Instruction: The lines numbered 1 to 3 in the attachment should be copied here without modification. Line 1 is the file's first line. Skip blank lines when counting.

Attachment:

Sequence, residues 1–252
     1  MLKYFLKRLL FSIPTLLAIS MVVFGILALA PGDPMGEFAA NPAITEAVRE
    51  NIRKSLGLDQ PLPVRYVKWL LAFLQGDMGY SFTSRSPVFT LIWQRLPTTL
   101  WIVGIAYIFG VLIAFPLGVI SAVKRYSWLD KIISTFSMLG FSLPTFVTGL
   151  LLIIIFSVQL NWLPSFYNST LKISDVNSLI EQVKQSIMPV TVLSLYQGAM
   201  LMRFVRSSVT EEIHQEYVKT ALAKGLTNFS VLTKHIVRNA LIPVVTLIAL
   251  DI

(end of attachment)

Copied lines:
Sequence, residues 1–252
     1  MLKYFLKRLL FSIPTLLAIS MVVFGILALA PGDPMGEFAA NPAITEAVRE
    51  NIRKSLGLDQ PLPVRYVKWL LAFLQGDMGY SFTSRSPVFT LIWQRLPTTL